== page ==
There are many reasons we have difficulty relating to the mitzvot that are given in the Torah. Simply put, most of us grew up in urban areas whereas the mitzvot in the Torah were given to people who lived on farms and worked the land. We city dwellers are quite detached from the source of our food. The farmer gets his eggs from the nest and his milk from the barn. He harvests his wheat, and grinds it into flour from which he makes bread. We buy our milk and eggs from the dairy case and our bread comes packaged on the supermarket shelf. I for one have not had personal experiences with agriculture and therefore find the mitzvot related to agriculture in the Torah often difficult to understand. For example, in this week’s parsha we are told that we are prohibited from yoking together a mule and an ox. Do you know what an “ox” is, and how it differs from a cow, a bull or a steer? I needed to go to the internet to learn that an ox is any cattle over four years old that is trained to do work. An ox can be a cow or a bull, that is, a female or a male, but most often they are “steer”, which is a castrated bull. Farmers castrate the male cattle to make him less aggressive and more amenable to training. I also learned that the farmer needs to teach the ox how to pull a plow and that oxen work in teams. They are trained by a “teamster” who teaches them to follow five verbal commands. Did you know oxen can learn to follow basic verbal commands? I surely did not know this. I also learned that several teams of oxen are used to pull one plow. And that “oxen” not “oxes” is the plural form of ox.
That still leaves open the question — what is wrong with yoking an ox and a mule together? Why would the Torah prohibit that? Having no personal experience in this area I turned to our Biblical commentators. They offer a number of reasons why the Torah prohibits the yoking together of an ox and a mule.
The anonymous author of Sefer HaChinuh a the 13th century book, which systematically discusses the 613 commandments, notes that the ox, an animal that chews its cud and has a cloven hoof, is a kosher animal and the donkey, an animal that does not chew its cud and does not have a split hoof, is not a kosher animal. Therefore, G-d does not want these animals, the “pure” and “the impure” working together.
Sefer Chinuch also points out that the ox is a stronger animal than the donkey, and better suited to the task of plowing. G-d therefore takes pity on these animals, who both might suffer from being yoked together to pull a plow. The ox, having to share the burden of work with the weaker creature, would have to work harder than were he to be joined by a fellow ox. And the donkey, having to work with his far stronger companion, would exhaust himself trying to keep up.
Sefer Chinuch then delves into more psychological reasons for not plowing with an ox and a mule. The author says that animals prefer their own kind. It is not only “birds of a feather that flock together” but all animals prefer to be with their own species. He goes on to extend this insight to human beings. Two people, he says, who are far apart in their temperaments and opinions should never be appointed to perform a task together. It is simply too difficult to get along, to cooperate, to collaborate, in completing the job at hand. Sefer Chinuch writes, “If the Torah was strict about the suffering caused for two different species of animal working together that do not have a thinking mind, the same is certainly true for people, who have a thinking soul with which to understand their Creator.”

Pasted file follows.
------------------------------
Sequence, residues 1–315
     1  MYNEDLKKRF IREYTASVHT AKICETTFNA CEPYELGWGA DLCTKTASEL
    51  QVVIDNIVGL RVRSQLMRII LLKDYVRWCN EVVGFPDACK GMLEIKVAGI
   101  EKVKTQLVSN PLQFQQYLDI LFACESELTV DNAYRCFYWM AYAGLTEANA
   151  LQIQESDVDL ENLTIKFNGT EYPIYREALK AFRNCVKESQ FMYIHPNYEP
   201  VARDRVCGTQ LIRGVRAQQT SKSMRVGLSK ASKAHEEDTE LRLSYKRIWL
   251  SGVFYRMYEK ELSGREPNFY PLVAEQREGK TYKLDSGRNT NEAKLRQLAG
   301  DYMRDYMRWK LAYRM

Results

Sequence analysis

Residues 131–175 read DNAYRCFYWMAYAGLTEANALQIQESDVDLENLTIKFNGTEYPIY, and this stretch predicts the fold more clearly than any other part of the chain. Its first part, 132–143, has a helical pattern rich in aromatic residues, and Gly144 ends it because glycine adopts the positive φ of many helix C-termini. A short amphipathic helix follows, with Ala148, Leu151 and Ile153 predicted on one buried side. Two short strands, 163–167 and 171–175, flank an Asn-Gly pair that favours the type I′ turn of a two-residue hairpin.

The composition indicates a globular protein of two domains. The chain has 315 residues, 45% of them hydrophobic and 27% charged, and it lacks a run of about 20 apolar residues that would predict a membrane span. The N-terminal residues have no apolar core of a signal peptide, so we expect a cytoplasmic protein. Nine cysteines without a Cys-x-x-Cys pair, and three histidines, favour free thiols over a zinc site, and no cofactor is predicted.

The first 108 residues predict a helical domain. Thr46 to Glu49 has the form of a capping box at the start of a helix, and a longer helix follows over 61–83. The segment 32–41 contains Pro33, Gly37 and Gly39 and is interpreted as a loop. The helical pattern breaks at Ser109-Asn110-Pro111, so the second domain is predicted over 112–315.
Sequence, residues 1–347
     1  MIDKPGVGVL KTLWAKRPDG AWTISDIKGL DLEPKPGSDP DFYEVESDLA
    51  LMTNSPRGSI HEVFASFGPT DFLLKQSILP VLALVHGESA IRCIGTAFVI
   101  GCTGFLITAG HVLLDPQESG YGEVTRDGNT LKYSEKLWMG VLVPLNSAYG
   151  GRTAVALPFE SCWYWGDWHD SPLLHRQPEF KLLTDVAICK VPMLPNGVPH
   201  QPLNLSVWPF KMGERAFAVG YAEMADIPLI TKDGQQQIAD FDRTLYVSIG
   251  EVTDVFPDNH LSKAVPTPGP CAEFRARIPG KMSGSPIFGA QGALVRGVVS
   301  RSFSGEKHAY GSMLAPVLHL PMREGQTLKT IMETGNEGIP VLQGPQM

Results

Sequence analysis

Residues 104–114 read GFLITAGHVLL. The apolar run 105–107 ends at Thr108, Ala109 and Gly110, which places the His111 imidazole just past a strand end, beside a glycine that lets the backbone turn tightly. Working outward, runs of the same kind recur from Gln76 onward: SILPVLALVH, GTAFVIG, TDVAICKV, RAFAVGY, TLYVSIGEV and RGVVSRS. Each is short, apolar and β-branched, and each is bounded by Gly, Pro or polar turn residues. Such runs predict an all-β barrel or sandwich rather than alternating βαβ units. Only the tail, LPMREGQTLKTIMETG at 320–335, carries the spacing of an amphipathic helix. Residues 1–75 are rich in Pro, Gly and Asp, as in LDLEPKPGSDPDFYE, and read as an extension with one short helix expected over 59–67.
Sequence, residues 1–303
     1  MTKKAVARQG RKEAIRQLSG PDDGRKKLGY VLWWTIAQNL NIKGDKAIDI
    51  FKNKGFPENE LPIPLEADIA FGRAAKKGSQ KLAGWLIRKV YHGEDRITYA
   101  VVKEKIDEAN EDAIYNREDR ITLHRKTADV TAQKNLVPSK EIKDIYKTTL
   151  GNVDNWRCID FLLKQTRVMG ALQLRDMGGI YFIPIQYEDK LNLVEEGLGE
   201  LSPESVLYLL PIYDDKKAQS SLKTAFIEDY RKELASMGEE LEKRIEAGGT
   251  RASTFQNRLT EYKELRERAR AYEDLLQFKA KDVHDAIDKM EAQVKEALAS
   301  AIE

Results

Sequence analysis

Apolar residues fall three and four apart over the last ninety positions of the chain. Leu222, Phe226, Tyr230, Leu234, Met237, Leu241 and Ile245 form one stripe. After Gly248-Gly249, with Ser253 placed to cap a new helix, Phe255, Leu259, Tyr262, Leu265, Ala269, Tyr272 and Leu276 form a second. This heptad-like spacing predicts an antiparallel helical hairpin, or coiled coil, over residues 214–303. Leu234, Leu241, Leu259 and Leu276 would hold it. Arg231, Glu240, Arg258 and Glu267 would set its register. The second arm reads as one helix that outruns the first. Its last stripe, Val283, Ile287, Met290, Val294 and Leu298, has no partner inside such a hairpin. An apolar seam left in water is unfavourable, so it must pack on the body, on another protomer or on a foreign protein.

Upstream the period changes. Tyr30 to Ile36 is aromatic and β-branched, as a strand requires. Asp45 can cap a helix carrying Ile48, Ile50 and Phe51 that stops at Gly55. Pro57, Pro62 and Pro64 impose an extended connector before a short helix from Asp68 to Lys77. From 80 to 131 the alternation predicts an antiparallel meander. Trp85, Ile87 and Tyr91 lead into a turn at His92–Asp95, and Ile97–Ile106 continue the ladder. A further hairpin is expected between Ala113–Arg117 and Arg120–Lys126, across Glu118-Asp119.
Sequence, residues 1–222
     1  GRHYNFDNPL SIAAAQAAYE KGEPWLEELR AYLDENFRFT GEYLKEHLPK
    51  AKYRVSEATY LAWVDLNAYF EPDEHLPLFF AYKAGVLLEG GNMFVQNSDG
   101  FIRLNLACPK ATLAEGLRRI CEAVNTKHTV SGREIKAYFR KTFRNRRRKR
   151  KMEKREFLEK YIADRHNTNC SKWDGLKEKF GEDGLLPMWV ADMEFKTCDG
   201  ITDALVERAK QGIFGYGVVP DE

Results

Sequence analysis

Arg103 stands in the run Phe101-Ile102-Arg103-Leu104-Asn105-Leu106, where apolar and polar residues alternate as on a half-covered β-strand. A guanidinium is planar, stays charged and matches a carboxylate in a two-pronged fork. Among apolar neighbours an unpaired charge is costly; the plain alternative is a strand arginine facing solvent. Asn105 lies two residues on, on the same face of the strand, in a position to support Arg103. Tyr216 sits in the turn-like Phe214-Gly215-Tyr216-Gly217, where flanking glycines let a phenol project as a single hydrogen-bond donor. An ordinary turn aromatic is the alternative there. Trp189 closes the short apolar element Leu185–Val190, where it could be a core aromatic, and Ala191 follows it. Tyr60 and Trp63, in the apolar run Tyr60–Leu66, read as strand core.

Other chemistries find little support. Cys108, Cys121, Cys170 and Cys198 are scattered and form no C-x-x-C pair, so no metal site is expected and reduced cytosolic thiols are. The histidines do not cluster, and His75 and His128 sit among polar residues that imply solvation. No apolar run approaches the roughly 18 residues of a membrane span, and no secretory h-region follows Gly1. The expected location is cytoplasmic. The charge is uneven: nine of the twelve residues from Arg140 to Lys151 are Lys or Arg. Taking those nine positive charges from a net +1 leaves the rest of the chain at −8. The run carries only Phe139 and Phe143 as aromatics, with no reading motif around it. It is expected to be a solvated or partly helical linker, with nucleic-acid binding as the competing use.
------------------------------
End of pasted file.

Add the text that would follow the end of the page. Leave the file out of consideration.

A third reason for this prohibition is the sensitivity we need to show animals. Have you ever noticed that when you see a cow it always seems to be chewing something? The reason is that cows must chew their food twice in order to digest it properly. Cows spend nearly eight hours out of every day chewing their cud. (I did not know that either, having never spent 8 hours around a cow).
The farmer would of course feed both animals before they went out to work. But the ox would be chewing all the time, which would lead the donkey to think that the ox got more food than he did, or, alternatively, that the ox was always eating on the job! The donkey would think that this was unfair, that the ox was being treated better than he was, and this would demoralize the donkey.
There are 74 commandments in this week’s Torah portion, more than any other week in the year. And there are so many commandments in the Torah as a whole that it can be overwhelming. So it is understandable that we focus on the mitzvot that we can relate to: Love your neighbor as yourself, return a lost object when you find it, pay your worker before the sun sets, help the poor and the needy, for example. We therefore tend to ignore or pass over the mitzvot that we cannot relate to, as the one prohibiting plowing with an ox and a donkey together. It is easy to dismiss them or to think they are irrelevant since tractors have long replaced animals for plowing. Or to think they only apply to farmers and not to us suburbanites. But what we find when we study them is that they do relate to us. This mitzvah teaches us about G-d’s compassion for animals and their feelings. This teaches us that even as we need to be sensitive to the needs and feelings of animals, how much more so do we need to be sensitive and compassionate to the needs and feelings of our fellow human beings.